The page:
"But wait, this time it's worse. The current Senate proposal would actually require oil companies with daily production of 500,000 barrels or more to disregard generally accepted accounting principles, by revaluing their oil inventories. GAAP accounting (and current tax law) allows oil firms to value barrels of oil sold at what it costs to replace that barrel.Isn't this just about par for the course? Could our fearless elected leaders really consider mandating that oil companies value a barrel of oil at $18.75 for the purposes of calculating a tax burden? And, I wonder who benefits from such a law?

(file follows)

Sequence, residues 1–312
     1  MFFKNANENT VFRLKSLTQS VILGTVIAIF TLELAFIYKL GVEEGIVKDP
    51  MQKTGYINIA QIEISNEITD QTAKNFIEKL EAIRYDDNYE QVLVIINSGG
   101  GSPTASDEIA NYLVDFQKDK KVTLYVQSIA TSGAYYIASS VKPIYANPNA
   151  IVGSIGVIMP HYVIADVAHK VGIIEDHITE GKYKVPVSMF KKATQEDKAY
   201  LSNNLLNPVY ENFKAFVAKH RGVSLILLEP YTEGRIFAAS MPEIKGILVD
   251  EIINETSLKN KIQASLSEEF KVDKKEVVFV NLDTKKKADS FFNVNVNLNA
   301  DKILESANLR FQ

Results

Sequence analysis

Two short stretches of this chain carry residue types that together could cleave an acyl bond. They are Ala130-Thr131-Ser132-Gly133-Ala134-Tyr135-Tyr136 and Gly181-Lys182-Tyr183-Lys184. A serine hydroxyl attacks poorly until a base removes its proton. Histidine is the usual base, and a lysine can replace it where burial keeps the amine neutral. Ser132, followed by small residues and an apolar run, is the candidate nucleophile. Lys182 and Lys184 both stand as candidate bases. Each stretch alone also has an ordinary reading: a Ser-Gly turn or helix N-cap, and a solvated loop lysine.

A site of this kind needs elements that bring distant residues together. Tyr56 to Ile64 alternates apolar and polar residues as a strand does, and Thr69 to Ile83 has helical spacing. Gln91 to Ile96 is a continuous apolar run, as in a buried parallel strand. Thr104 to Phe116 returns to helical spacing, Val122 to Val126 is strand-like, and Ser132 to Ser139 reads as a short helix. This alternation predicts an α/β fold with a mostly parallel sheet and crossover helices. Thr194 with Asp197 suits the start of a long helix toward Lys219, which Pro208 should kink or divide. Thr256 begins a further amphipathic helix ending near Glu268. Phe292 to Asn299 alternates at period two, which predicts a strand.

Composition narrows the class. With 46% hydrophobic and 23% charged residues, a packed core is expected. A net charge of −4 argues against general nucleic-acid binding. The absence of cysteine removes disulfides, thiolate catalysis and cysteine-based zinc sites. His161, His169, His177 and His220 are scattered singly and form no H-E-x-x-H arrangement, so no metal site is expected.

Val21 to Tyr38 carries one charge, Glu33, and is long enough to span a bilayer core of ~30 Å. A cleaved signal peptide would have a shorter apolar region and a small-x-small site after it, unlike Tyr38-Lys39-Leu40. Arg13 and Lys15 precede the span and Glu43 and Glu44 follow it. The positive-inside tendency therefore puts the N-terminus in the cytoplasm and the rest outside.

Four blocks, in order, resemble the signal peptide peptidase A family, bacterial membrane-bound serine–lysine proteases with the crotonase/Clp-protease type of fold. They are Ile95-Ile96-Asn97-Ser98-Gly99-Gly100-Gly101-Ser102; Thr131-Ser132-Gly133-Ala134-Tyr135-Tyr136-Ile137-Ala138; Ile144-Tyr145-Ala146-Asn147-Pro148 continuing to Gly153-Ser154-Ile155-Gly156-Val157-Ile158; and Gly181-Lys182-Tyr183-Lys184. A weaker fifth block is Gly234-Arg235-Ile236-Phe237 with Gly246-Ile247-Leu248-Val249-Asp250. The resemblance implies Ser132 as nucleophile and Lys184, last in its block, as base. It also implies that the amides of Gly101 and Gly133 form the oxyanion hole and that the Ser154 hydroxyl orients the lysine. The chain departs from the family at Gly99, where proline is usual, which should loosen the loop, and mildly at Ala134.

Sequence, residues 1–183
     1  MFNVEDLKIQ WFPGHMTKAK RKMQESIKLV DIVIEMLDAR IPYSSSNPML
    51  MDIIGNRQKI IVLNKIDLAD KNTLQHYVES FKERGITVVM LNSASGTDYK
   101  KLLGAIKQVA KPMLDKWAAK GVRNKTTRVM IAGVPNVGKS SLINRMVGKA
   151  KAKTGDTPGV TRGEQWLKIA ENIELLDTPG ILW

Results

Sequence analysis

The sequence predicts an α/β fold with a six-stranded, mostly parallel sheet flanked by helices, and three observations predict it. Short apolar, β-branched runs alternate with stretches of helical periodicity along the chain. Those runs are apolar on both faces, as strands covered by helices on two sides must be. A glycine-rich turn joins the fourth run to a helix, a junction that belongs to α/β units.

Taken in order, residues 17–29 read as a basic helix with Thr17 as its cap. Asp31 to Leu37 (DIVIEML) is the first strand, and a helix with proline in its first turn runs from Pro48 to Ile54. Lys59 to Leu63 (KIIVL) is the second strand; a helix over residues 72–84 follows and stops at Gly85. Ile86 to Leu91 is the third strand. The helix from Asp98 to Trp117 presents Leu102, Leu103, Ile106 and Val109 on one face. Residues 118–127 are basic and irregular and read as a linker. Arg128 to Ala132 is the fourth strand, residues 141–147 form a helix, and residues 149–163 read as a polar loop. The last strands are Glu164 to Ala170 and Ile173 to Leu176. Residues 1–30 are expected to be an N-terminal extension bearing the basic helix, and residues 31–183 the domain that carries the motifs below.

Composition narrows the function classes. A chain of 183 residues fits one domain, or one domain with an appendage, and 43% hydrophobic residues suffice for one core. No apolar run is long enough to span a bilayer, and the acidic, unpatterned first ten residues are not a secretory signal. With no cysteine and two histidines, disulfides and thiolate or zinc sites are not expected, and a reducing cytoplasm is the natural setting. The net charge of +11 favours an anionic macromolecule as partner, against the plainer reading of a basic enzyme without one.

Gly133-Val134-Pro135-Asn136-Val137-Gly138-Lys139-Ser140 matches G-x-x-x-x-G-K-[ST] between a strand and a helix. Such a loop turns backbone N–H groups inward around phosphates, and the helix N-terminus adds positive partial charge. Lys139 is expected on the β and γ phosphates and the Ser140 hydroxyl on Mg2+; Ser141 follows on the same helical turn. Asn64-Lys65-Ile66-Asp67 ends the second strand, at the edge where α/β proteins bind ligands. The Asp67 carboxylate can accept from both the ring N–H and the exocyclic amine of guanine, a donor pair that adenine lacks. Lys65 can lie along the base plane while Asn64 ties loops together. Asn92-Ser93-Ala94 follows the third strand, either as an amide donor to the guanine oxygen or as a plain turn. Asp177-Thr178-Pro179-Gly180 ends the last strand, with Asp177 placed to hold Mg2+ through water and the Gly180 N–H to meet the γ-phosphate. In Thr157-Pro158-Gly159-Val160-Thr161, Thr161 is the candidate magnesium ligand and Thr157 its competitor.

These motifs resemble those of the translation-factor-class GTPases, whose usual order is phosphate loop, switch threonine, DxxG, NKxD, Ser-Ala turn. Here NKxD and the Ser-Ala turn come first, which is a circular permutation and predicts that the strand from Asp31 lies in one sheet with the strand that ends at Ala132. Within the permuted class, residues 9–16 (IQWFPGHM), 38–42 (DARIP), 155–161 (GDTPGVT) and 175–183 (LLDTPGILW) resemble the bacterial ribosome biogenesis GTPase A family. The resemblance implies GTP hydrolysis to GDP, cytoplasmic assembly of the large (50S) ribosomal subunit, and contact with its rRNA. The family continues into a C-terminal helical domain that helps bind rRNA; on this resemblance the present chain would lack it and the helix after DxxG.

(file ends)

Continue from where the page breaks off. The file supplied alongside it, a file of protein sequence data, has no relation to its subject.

The Senate bill would require the companies to revalue their inventories by $18.75 a barrel -- an arbitrary number if there ever was one. In effect, this means that Congress is creating the illusion of higher oil profits, and thus raising the tax liability of oil companies by an estimated $5 billion next year. This would be on top of the 35% tax rate they already pay on their actual profits."
Wednesday, November 30, 2005
From an editorial in today's WSJ: